President Trump fired the only man protecting the Mueller investigation this week. Now outgoing U.S. Sen. Jeff Flake (R-Arizona) wants a Senate vote on a bill defending the inquiry.
“We’ve passed this out of committee on a bipartisan basis eight months ago and now it’s time to have a floor vote on it,” Flake told Grit Post. “I think the firing of Jeff Sessions and the uncertainty about the Mueller investigation warrants its passage.”
Attorney General Jeff Sessions was a mixed bag with most Americans. As an accused racist, Sessions was intent on rolling back voter protections and marijuana legalization. However, he was also the only thing blocking Trump’s desire to quash the probe into his misdeeds. To Trump’s fury, Sessions removed himself from overseeing Mueller’s work, leaving the president vulnerable to investigation. So it was with equally-mixed feelings that America bid Sessions farewell hours after Democrats reclaimed the House majority.
Trump did not hesitate to replace Sessions with a lackey who has happily assumed control of the investigation, and could easily steer it, defund it, or shut it down. There is reason to suspect Justice Department chief of staff Matthew Whitaker’s promotion to acting attorney general could undermine the inquiry. Whitaker has openly proposed methods to defund or sabotage it in the months leading up to his promotion.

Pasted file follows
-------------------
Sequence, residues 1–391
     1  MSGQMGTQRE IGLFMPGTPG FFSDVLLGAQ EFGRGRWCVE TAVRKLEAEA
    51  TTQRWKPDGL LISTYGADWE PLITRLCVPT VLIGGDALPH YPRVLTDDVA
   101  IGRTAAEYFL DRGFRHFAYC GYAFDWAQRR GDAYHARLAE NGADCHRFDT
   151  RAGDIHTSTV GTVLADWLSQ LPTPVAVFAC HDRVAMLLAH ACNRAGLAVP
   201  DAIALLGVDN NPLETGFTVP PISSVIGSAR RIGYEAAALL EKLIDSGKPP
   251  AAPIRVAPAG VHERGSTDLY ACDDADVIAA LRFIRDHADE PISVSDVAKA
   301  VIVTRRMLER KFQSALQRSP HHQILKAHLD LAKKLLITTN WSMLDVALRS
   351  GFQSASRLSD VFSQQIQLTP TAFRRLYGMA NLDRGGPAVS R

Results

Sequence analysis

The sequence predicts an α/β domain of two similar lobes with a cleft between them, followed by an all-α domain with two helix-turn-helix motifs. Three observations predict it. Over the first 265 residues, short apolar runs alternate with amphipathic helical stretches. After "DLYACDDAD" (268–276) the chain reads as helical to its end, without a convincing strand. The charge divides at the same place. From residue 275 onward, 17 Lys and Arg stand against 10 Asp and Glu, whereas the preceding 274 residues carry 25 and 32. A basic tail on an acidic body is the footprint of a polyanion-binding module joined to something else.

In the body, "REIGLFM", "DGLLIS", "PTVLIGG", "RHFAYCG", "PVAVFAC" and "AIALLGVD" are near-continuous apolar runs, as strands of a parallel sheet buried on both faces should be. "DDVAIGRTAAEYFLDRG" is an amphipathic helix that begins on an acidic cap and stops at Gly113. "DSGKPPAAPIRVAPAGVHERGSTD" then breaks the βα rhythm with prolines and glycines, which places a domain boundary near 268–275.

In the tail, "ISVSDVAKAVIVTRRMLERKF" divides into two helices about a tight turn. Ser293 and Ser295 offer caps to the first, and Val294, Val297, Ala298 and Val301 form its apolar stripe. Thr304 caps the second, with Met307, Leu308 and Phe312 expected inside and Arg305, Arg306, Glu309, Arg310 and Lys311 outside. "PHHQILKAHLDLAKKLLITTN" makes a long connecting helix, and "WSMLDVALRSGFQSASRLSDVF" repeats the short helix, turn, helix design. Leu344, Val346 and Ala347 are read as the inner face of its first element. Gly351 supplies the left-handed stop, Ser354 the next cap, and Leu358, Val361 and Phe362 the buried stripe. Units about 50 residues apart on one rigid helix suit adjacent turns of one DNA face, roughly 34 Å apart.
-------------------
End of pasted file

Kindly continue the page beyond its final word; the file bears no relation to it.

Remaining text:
With Whitaker sharpening an ax, Flake and U.S. Sen. Chris Coons (D-Del) have declared they will push for a floor vote. Flake said he thinks the bill has a fair chance for passage, even in a Senate dominated by Republicans more known for defending their GOP president.
“If it comes to a vote, it’s prospects are good. I think it has near universal Democratic support, and it passed out of committee with four Republicans voting for it, so I would assume there is sufficient support in the Senate to pass it,” Flake said.
The outgoing senator and his comrades will have to get the bill around rabidly protectionist Senate Majority Leader Mitch McConnell, (R-Ky) who has admitted that he has no intention of passing the bill and protecting the investigation. He told reporters back in April, as the bill left committee that “We’ll not be having this on the floor of the Senate.”
The final version of Flake’s bill let’s any special counsel fired by the AG or a high-level leader challenge the dismissal in U.S. District Court. The bill also guards documents accrued by the special counsel’s investigation.